They do not specifically exclude it therefore any instruction at night would be allowed
unless there is an additional requirement from another privilege's syllabus.
In this case LAPL/PPL VFR instruction at night is a privilege listed in the
Night Rating requirement.

Are you saying that an IRI may, for example, teach a non-precision approach at night up
until the point that the aircraft reaches MDA and/or IFR is cancelled but may not then
teach the subsequent circle to land under VFR?
To an LAPL/PPL holder Yes. (NB: CPL syllabus only requires visual landing, not VFR)
Don't cancel IFR.
There is no difference, that I can see, to flying a visual circle to land IFR as there is VFR.

Once again, the privileges at FCL.905.TRI do not specifically include instruction at night
As per my answer above re IRI

Whopity
7th Aug 2013, 12:48
Can the CRI tell the other pilot to record the flight as 20min MEP PUT?No, you have already answered your own question:it wasn't flown under the auspices of an MEP ATO.All traiing for a licence or rating must be conducted at an ATO. Now back in the good old days if you were an ME instructor the student could count it but not since 1 Jan 2000.

BillieBob
7th Aug 2013, 16:47
LA - Your arguments are becoming more and more convoluted as you insist on reading requirements and restrictions into the regulation that simply are not there. Your contention is that a CRI cannot instruct at night because the privileges of a CRI certificate do not specifically say that he can. It is true that a CRI cannot instruct for the night rating but he can give any instruction within the privileges granted by FCL.905.CRI either by day or by night (provided he holds a night rating or night qualification). For example, he could quite safely conduct differences training for VP props or SLPC at night, or some parts of the MEP class rating.

In the case of the class rating, there might be a restriction imposed by the ATO under whose approval he was operating but this is a matter for the ATO as the approval itself does not restrict instruction to daylight only. Differences training, however, does not need to be done within an ATO, nor does it need to be approved and so, in this case, it is entirely at the CRI's discretion when he conducts the training.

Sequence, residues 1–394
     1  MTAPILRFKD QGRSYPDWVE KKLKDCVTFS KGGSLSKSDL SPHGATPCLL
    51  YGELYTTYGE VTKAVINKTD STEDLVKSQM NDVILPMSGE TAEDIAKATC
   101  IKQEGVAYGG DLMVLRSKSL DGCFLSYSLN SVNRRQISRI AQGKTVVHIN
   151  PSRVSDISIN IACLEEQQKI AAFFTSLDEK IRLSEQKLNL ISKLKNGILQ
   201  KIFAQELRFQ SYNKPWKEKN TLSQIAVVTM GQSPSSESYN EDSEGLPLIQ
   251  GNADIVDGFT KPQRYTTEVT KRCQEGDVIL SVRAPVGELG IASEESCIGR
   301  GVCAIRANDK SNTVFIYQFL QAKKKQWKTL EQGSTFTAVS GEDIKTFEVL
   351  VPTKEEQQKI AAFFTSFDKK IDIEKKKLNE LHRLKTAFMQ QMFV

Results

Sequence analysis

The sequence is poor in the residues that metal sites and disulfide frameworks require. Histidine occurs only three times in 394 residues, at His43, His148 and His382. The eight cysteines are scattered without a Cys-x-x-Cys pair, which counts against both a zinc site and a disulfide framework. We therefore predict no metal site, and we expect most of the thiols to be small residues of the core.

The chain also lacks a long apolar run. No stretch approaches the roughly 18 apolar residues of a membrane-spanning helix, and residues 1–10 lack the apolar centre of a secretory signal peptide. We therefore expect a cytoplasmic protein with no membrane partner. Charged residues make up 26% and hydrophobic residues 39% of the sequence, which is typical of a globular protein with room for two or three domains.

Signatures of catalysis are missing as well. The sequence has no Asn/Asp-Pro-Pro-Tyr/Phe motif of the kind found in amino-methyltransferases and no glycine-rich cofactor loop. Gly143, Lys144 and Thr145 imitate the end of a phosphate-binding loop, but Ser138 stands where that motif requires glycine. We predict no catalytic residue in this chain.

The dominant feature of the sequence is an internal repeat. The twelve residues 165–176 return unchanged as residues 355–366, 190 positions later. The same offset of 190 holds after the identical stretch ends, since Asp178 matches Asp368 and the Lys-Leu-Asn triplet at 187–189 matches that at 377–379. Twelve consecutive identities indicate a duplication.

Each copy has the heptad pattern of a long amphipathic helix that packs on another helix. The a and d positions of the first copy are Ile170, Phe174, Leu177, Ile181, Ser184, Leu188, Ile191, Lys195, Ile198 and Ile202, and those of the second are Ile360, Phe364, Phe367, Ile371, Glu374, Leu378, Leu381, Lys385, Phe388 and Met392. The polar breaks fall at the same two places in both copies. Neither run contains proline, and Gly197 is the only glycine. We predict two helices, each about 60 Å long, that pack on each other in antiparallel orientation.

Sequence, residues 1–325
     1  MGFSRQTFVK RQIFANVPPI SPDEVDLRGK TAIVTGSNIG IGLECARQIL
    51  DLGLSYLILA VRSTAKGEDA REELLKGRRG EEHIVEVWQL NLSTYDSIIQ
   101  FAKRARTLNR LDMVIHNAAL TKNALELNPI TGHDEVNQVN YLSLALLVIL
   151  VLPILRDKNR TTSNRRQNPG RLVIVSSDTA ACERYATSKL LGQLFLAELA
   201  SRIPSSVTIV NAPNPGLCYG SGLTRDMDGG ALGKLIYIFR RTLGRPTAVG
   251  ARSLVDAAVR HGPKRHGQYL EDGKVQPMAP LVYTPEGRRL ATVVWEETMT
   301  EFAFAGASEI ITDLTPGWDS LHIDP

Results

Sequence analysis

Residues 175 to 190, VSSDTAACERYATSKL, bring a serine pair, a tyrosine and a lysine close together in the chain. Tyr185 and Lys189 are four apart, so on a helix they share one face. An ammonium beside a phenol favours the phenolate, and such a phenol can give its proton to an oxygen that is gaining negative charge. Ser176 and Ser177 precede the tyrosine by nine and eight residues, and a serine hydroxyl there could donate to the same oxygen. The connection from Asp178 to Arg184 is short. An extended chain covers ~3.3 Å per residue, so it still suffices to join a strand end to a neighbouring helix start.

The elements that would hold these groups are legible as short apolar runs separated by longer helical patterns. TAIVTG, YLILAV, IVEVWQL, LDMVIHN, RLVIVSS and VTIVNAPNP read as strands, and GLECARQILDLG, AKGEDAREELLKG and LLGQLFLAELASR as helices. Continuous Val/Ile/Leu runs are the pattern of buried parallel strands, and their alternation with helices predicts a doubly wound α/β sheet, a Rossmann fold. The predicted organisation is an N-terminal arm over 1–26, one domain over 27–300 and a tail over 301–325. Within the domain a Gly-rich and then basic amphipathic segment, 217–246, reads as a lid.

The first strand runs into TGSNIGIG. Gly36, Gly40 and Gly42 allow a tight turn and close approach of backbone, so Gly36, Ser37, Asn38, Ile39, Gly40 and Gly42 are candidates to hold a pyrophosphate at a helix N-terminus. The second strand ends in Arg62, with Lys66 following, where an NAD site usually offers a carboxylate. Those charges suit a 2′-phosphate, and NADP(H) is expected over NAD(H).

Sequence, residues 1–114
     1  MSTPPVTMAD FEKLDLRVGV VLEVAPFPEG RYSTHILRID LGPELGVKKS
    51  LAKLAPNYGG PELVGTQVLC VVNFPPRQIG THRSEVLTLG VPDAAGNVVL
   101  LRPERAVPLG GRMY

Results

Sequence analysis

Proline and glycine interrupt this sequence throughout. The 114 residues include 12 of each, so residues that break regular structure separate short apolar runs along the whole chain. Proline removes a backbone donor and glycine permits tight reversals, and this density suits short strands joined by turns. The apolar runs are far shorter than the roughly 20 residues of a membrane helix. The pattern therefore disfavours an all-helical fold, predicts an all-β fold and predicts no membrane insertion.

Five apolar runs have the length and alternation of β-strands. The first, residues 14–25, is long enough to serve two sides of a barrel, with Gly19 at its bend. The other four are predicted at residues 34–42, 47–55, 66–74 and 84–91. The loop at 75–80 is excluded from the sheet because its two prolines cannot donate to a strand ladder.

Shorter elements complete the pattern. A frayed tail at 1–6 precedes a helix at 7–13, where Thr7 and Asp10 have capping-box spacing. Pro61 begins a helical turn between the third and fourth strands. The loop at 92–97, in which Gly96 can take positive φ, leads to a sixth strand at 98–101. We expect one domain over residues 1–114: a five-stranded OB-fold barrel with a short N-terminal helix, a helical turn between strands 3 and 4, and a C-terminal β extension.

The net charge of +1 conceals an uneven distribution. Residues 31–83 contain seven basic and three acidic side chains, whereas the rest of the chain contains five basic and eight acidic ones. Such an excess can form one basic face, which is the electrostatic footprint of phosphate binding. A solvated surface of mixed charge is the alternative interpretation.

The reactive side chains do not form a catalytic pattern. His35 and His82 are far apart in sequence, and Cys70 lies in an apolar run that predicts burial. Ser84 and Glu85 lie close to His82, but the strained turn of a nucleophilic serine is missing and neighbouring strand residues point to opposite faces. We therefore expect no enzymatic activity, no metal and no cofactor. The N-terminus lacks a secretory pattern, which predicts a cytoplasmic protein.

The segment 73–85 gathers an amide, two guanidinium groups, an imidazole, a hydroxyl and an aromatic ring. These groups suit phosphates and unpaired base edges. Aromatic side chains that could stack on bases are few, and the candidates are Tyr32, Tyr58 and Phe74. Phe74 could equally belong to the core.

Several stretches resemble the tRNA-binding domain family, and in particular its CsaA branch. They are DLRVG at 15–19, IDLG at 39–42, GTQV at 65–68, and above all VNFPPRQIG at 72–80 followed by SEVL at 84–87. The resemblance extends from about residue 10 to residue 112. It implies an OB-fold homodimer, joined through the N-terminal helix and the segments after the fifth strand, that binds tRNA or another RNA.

Similarly an IRI is not constrained to teaching only under IFR by night - for example, there is nothing to prevent him from conducting the whole of the BIFM at night under VFR (apart, perhaps, from the instrument appreciation aspects) . The same applies to a TRI, who may choose to teach any part of the type rating syllabus at night, with the approval of the ATO under whose approval he is operating.

Level Attitude
7th Aug 2013, 17:04
All traiing for a licence or rating must be conducted at an ATO
Absolutely, and in the scenario I gave the "PUT" would not be able
to use this flight towards Rating Issue.

All Instructor privileges are written in Part-FCL as privileges to conduct
the required training towards a Licensing Administrative Action.

It does not say you can only conduct training which would, or could,
lead to a Licensing Action.

If this was the case who could give aerobatic instruction to someone
who already holds an Aerobatic rating?

An aerobatic instructor would seem to be the appropriate Instructor
Certificate - but this only gives the privilege to Instruct for the Rating
(not aerobatics in general).

nick14
7th Aug 2013, 18:03
So if someone holds a rating they cannot be PUT for the same rating??